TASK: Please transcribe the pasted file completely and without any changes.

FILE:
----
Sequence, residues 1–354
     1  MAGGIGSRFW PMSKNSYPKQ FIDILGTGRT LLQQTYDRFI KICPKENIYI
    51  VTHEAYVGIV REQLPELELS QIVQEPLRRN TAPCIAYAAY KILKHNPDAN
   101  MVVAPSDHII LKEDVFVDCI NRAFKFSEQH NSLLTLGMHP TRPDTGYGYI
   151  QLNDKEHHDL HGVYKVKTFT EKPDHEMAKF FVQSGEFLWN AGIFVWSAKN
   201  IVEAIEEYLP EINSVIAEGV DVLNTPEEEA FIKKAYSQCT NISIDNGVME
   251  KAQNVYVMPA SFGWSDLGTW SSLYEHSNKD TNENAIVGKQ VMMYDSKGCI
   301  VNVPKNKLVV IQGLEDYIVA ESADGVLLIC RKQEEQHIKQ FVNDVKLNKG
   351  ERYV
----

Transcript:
Sequence, residues 1–354
     1  MAGGIGSRFW PMSKNSYPKQ FIDILGTGRT LLQQTYDRFI KICPKENIYI
    51  VTHEAYVGIV REQLPELELS QIVQEPLRRN TAPCIAYAAY KILKHNPDAN
   101  MVVAPSDHII LKEDVFVDCI NRAFKFSEQH NSLLTLGMHP TRPDTGYGYI
   151  QLNDKEHHDL HGVYKVKTFT EKPDHEMAKF FVQSGEFLWN AGIFVWSAKN
   201  IVEAIEEYLP EINSVIAEGV DVLNTPEEEA FIKKAYSQCT NISIDNGVME
   251  KAQNVYVMPA SFGWSDLGTW SSLYEHSNKD TNENAIVGKQ VMMYDSKGCI
   301  VNVPKNKLVV IQGLEDYIVA ESADGVLLIC RKQEEQHIKQ FVNDVKLNKG
   351  ERYV